Yet another 3 hour journey up the picturesque M40 with nothing but our iPods and vocal chords—regardless of what John says, I’m convinced my pitchy renditions of chart favourites significantly enhanced the panoramic views of a grey motorway blending into an even greyer sky. We left London Friday afternoon, thankfully avoiding the traffic, and arrived relatively early that evening. We went straight to register and drive the bike course just to remember how the infamous “Rutland Ripple” was going to be on race day. However, my mental preparation left me unusually ready and rearing to go, which we’re going to count as personal victory number one…
Waking up at stupid o’clock the next morning wasn’t to be as mentally positive as the previous night. My eldest son once quoted Shakespeare in Henry VI, Part III, to me, and I remember these words: “Let me embrace thee, sour adversity, for wise men say it is the wisest course”. I wonder if such “wise men” would feel the same having to rack a bike in temperatures synonymous with November rather than late June, aggressive, horizontal rain and winds that made the transition area feel like a muddy, dark freezer compartment? Possibly a little bit of an exaggeration but it wasn’t ideal for a June race. My mental preparation was in the toilet at this point. Had John said, ‘come on lets go home”, I would have been in the car quicker than Oakley at his dinner bowl. But sadly he didn’t, so begrudgingly we begrudgingly readied ourselves to face the elements.
The swim, for me, was surprisingly good. After positioning myself up front and to the left in the cold water I got a good start and was able to stay with a group, who in my mind looked like a world-class pick n’ mix of a bit of Phelps, Lochte and the rest of the Olympicswimming teams. Finishing with a time of 26 minutes dead, I gained a new PB. That is better then getting a pair of coveted, wait-listGucci shoes at Harrod’s first day sale. Putting me, mentally, in a much better place for the remainder of the event—we can count this as personal victory number two.
Jogging up to transition, all I needed to do was decide whether to put on my fur coat for the bike or not. Hmmmmm….tough call. However, the majority weren’t and so I decided to man up and go with out. Surprisingly, Shakespeare’s wise men got it right this time—it was the best decision I could have made and I was very comfy on my 42k ride. We can, therefore, count this as personal victory number three; everybody knows that getting your clothing wrong in a race can leave you far more uncomfortable than any injury or weather conditions could.
My one gripe—and its a big one—RACKING. Why, at a World Qualifier event, did someone get the racking wrong? It was too low for some people (thankfully I’m not that big so mine was fine) which meant that when I got back into T2 my neighbours bike was lying on the floor in my place. As efficient as us girls are at multitasking, this gave me the almost impossible job of having to try and pickup their bike with one hand while juggling my bike with the other. Not to mention a slow T2 time for good samaritan me! UGH! Alas, we can count one more personal victory here—not panicking when unforeseen mishaps tried to fling me off kilter! Boom, victory number four!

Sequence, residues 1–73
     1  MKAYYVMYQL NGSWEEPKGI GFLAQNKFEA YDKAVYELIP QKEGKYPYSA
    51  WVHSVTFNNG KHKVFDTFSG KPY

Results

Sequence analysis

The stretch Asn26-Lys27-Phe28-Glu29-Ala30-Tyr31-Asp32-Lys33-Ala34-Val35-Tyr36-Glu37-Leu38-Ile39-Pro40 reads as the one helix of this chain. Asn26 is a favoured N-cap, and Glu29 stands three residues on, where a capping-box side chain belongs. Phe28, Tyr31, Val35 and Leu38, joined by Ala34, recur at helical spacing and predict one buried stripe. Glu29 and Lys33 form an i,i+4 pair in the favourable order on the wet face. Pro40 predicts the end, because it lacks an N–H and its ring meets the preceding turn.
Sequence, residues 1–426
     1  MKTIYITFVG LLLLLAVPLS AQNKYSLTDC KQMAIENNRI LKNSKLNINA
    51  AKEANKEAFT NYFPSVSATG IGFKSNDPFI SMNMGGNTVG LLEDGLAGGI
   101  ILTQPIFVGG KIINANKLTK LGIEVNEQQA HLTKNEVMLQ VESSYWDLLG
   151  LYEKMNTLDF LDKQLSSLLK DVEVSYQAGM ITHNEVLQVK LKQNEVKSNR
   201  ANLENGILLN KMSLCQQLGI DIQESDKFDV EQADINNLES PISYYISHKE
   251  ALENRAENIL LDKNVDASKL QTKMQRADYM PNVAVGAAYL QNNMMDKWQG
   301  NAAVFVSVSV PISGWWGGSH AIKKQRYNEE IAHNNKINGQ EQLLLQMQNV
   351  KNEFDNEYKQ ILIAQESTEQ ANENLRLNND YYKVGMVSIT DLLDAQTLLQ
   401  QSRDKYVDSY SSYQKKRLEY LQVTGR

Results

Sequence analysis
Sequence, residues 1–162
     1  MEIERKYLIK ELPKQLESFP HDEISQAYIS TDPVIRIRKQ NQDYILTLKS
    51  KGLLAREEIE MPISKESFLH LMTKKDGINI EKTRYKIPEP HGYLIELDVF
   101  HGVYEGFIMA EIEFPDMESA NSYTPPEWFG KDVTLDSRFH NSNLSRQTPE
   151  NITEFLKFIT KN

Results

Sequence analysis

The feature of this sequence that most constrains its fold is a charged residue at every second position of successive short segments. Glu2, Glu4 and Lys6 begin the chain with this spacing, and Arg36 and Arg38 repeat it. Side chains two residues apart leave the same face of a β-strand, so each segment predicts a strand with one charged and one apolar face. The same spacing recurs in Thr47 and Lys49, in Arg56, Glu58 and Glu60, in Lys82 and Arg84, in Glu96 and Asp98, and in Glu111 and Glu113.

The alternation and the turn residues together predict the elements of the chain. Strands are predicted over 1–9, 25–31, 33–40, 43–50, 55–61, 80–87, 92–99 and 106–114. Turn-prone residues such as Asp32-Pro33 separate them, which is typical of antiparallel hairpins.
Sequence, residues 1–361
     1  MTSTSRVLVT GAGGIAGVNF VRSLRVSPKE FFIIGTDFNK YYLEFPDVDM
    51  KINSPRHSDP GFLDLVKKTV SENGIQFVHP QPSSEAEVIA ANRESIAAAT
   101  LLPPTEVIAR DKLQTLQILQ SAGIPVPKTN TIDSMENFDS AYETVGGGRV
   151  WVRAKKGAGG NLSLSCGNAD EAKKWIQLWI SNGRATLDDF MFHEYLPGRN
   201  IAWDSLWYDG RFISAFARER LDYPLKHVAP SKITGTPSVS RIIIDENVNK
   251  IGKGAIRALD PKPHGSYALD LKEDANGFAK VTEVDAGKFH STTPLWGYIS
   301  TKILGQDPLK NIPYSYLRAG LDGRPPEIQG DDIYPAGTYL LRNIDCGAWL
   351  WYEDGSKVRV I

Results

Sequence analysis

The beautiful run course took me out along the dam, hence the name Dambuster, and back which leads to my fifth and final small personal victory. Coming out of T2 I noticed a girl who I had been with on the bike course. Overtaking each other more frequently than I would have hoped for, she ended up passing me, and it seemed effortless, after the first 1k on the run. Not letting her get into my head and pick up my pace, I kept to my race plan. I stayed at the pace I knew I could hold for 10k and miraculously at the turn around point I got her….shock, horror!! Now I just had to stay ahead, which I was able to do until the end…another shock horror!
To summarise my personal victorious day, The Dambuster Triathlon is a race that everyone should put in their triathlon calendar for 2014. It has a smooth lake swim (well, kinda smooth…), a rolling bike course with a few uphills, but also a few fast down hills as well. Finishing off with a run that is both picturesque, fun and exciting, it is a course during which you can work hard on your strengths and try to improve your weaknesses. But for me it was all about those little victories and enjoying a race I will continue to come back to. Was the path in the face of adversity the wisest one? After 5 personal victories I’d definitely say so, regardless of how I may have felt at the time.
Race safe everyone, write soon!